Libertarians Running in Some of Georgia's Big Races
Most Georgia voters know the Republican and Democratic candidates for governor and U.S. Senate. But both races also have Libertarian candidates. And some poll watchers say those nominees could affect the outcome.
Republican Gov. Nathan Deal and Democratic challenger state Sen. Jason Carter have taken swipes at each other. But neither has really acknowledged Georgia’s third gubernatorial candidate: Libertarian Andrew Hunt.
That could be because Hunt is only nabbing about 6-7% of the vote, according to a recent InsiderAdvantage poll. But InsiderAdvantage CEO Matt Towery says Hunt’s presence in the race could force Deal and Carter into a runoff. The governor, Towery says, hasn’t polled higher than about 47%. He says Carter has stalled at 43%.
“Neither campaign has run what I would call a ‘stunning’ campaign so far,” Towery says. “So, it’s very much a flip of the coin as to whether these guys can pull themselves up: 1) Deal over 50% or 2) Carter maybe to 47% which would virtually guarantee a runoff.”
But Hunt, who holds a PhD in material science and engineering from Georgia Tech, says polls don’t tell the whole story. He points to former U.S. House Minority Leader Eric Cantor’s loss to Tea Party Candidate David Brat in Virginia’s GOP primary.
“Brat was down 33% in the last poll two weeks before and won by 10% because the unlikely voters actually voted, and that’s my main voting group that I’m trying to reach out to: the unlikely voters,” Hunt says. “So, I feel like my numbers are much higher than any polling ever shows.”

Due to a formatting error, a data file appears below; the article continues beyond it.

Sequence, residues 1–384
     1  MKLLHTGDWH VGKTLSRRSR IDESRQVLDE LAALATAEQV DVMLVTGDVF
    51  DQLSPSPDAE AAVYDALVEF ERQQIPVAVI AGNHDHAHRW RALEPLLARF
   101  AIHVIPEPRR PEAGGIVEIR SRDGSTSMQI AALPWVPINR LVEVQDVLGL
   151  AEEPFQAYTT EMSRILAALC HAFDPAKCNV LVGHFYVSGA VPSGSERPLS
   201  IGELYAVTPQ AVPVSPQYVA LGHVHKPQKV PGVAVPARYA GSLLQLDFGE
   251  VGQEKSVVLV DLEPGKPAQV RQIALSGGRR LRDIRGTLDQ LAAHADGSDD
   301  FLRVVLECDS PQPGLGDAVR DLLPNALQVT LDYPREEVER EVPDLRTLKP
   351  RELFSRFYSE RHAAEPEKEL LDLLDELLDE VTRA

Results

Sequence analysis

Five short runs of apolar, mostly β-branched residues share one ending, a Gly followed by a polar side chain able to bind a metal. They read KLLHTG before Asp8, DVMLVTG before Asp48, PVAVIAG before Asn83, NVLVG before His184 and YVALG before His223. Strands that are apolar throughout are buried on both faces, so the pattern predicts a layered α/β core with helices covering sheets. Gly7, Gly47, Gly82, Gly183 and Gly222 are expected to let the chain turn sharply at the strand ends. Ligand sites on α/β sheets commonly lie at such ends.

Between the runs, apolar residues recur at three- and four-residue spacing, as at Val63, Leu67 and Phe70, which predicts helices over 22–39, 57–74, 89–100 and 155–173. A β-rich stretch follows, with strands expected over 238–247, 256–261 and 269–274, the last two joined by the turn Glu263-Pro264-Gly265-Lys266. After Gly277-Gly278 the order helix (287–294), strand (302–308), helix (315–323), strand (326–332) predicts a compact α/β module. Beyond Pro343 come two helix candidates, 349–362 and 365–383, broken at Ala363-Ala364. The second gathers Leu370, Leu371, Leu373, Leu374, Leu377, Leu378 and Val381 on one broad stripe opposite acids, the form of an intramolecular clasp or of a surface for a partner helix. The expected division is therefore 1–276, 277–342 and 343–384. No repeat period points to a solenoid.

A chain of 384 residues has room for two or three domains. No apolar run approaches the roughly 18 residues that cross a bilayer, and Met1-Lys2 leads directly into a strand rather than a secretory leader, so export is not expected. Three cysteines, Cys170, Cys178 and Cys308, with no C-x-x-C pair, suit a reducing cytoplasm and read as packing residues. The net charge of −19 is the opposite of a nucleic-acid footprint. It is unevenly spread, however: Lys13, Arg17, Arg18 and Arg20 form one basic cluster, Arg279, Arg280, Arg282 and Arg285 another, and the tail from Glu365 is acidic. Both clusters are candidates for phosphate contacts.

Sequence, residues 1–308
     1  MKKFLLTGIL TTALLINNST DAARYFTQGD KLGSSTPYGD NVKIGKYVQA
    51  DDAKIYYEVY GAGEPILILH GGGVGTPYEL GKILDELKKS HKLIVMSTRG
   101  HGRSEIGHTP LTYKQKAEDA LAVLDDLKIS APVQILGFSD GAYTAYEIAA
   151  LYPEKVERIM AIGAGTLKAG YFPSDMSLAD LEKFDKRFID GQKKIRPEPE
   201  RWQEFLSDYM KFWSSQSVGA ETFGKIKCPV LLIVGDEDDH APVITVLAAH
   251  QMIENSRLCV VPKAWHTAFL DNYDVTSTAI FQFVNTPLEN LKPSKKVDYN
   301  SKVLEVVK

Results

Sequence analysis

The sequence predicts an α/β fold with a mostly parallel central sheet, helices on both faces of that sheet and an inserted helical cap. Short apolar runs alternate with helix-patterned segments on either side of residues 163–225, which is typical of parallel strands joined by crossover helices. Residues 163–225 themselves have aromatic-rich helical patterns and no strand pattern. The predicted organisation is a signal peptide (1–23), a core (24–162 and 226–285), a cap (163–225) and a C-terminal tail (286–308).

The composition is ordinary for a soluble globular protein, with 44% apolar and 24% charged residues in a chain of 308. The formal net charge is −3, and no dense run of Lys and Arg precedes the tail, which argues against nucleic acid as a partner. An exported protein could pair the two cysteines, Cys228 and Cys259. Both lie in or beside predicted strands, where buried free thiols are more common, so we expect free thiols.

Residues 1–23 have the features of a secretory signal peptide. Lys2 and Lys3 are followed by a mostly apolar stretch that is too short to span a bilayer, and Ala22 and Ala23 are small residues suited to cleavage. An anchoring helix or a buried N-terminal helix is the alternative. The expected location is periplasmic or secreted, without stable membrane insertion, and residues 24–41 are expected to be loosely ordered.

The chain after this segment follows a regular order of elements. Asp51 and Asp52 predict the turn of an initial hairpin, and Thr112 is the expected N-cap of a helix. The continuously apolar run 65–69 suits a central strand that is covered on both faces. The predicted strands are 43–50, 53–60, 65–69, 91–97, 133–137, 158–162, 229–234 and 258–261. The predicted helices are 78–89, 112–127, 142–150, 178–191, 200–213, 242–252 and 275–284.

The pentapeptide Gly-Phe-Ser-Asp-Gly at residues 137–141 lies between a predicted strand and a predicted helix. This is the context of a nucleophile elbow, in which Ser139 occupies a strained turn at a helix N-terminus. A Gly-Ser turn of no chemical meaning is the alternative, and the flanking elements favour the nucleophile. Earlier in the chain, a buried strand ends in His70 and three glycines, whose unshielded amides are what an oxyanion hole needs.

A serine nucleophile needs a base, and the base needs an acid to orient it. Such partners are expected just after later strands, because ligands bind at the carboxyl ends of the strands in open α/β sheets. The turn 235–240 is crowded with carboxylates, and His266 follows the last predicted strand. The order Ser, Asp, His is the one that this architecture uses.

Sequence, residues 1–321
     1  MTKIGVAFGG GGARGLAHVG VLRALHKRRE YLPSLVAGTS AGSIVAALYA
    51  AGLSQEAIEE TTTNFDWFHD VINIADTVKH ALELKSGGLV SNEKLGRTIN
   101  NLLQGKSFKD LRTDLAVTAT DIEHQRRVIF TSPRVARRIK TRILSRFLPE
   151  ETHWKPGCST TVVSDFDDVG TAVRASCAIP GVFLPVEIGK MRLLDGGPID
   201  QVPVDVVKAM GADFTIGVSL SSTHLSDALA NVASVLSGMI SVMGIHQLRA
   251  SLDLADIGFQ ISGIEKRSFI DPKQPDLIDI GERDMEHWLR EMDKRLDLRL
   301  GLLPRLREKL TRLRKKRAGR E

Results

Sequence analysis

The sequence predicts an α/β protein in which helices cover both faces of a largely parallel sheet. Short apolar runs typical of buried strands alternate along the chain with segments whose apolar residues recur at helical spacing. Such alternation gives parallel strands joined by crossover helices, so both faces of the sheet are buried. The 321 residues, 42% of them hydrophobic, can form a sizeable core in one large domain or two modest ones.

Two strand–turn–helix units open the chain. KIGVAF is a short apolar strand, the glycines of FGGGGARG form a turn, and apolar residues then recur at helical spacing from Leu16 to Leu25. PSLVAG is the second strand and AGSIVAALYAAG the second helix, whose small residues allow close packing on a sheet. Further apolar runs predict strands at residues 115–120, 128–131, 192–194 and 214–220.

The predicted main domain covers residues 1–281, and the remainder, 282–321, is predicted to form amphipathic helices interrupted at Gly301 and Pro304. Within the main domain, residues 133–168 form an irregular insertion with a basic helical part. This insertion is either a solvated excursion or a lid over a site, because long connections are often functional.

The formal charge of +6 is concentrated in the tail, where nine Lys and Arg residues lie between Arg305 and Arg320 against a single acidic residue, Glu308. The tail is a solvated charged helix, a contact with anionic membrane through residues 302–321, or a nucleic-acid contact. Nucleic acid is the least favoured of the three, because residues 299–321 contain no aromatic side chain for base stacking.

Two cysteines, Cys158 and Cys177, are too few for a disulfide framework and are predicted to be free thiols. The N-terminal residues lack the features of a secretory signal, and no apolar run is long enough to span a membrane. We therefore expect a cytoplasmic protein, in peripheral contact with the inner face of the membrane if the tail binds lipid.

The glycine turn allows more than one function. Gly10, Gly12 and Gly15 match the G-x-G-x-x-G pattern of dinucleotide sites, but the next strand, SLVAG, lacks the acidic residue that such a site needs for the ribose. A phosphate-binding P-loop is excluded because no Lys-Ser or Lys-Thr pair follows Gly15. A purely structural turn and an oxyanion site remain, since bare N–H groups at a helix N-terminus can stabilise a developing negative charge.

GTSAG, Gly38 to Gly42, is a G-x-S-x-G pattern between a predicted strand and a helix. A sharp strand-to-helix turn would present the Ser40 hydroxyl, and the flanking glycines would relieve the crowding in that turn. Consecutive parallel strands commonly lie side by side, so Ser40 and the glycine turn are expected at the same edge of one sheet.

Amanda Swafford agrees. She’s the Libertarian who’s taking on Republican David Perdue and Democrat Michelle Nunn in Georgia’s U.S. Senate race. Swafford says Libertarians have their own unique issues and concerns. They aren’t just would-be Republicans, she says.
“[The] American people and Georgia citizens particularly are just tired of the same old, same old and listening to failed promises from both parties,” Swafford says. “And we’re here to fill that void.”
Towery says Swafford’s poll numbers are about the same as Hunt’s, around 7%. He admits that’s high for a Libertarian, but says if the election were held now, Perdue would probably win without a runoff.
“That is if you held it today, but a lot can change,” Towery says. “Michelle Nunn is going to run a very vigorous campaign. Swafford’s numbers will come down, but maybe not enough to keep these two from going into a runoff as well.”
Towery doubts Hunt or Swafford will win, but says they can definitely impact their respective races.